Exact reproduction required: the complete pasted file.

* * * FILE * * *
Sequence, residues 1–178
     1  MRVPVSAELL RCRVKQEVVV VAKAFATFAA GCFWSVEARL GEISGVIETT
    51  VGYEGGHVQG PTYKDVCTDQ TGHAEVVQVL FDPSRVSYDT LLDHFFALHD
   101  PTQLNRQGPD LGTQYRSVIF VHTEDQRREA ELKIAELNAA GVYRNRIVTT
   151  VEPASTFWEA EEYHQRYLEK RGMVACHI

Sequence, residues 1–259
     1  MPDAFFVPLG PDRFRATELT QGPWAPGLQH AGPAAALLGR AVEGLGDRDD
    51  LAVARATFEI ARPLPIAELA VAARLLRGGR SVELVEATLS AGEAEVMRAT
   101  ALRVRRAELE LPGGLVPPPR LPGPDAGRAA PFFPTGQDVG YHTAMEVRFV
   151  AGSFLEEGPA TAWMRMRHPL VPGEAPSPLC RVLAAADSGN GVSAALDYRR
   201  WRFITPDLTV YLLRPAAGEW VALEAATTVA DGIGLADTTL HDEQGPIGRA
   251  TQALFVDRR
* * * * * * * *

Sequence, residues 1–178
     1  MRVPVSAELL RCRVKQEVVV VAKAFATFAA GCFWSVEARL GEISGVIETT
    51  VGYEGGHVQG PTYKDVCTDQ TGHAEVVQVL FDPSRVSYDT LLDHFFALHD
   101  PTQLNRQGPD LGTQYRSVIF VHTEDQRREA ELKIAELNAA GVYRNRIVTT
   151  VEPASTFWEA EEYHQRYLEK RGMVACHI

Sequence, residues 1–259
     1  MPDAFFVPLG PDRFRATELT QGPWAPGLQH AGPAAALLGR AVEGLGDRDD
    51  LAVARATFEI ARPLPIAELA VAARLLRGGR SVELVEATLS AGEAEVMRAT
   101  ALRVRRAELE LPGGLVPPPR LPGPDAGRAA PFFPTGQDVG YHTAMEVRFV
   151  AGSFLEEGPA TAWMRMRHPL VPGEAPSPLC RVLAAADSGN GVSAALDYRR
   201  WRFITPDLTV YLLRPAAGEW VALEAATTVA DGIGLADTTL HDEQGPIGRA
   251  TQALFVDRR